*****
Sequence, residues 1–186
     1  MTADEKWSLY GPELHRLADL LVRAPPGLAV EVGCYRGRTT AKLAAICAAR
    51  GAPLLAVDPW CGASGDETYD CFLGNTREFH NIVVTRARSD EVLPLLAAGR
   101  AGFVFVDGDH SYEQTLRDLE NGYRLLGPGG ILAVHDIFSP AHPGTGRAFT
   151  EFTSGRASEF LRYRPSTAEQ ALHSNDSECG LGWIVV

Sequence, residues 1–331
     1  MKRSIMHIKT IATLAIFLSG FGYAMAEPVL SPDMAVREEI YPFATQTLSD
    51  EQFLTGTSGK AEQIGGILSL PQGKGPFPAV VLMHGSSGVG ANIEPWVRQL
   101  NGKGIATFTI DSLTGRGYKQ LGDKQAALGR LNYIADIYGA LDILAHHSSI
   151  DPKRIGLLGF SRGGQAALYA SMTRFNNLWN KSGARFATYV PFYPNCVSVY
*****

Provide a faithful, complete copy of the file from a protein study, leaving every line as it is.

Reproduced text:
Sequence, residues 1–186
     1  MTADEKWSLY GPELHRLADL LVRAPPGLAV EVGCYRGRTT AKLAAICAAR
    51  GAPLLAVDPW CGASGDETYD CFLGNTREFH NIVVTRARSD EVLPLLAAGR
   101  AGFVFVDGDH SYEQTLRDLE NGYRLLGPGG ILAVHDIFSP AHPGTGRAFT
   151  EFTSGRASEF LRYRPSTAEQ ALHSNDSECG LGWIVV

Sequence, residues 1–331
     1  MKRSIMHIKT IATLAIFLSG FGYAMAEPVL SPDMAVREEI YPFATQTLSD
    51  EQFLTGTSGK AEQIGGILSL PQGKGPFPAV VLMHGSSGVG ANIEPWVRQL
   101  NGKGIATFTI DSLTGRGYKQ LGDKQAALGR LNYIADIYGA LDILAHHSSI
   151  DPKRIGLLGF SRGGQAALYA SMTRFNNLWN KSGARFATYV PFYPNCVSVY